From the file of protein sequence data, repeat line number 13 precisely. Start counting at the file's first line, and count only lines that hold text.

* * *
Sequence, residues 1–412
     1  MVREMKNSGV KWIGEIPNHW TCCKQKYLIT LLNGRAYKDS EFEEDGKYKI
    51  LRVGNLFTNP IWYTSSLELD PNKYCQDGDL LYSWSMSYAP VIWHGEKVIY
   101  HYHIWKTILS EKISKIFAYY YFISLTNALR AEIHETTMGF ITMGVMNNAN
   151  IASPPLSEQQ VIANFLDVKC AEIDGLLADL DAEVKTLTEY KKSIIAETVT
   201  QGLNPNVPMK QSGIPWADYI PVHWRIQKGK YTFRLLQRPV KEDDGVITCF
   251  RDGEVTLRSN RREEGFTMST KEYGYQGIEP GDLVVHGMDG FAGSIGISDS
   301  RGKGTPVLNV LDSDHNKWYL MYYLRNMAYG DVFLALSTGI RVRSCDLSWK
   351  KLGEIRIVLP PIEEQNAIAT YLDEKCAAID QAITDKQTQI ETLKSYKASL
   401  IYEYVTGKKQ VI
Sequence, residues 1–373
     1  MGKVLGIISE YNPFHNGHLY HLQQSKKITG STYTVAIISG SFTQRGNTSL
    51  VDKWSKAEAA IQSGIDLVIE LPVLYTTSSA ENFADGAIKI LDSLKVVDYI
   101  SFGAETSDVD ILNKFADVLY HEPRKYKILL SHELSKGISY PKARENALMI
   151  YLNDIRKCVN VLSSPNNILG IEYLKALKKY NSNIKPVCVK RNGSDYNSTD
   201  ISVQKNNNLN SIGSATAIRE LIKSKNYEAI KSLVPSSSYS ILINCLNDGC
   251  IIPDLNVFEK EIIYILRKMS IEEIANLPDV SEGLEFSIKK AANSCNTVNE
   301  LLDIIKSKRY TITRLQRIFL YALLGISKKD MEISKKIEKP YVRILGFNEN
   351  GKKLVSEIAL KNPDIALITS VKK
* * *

    51  VDKWSKAEAA IQSGIDLVIE LPVLYTTSSA ENFADGAIKI LDSLKVVDYI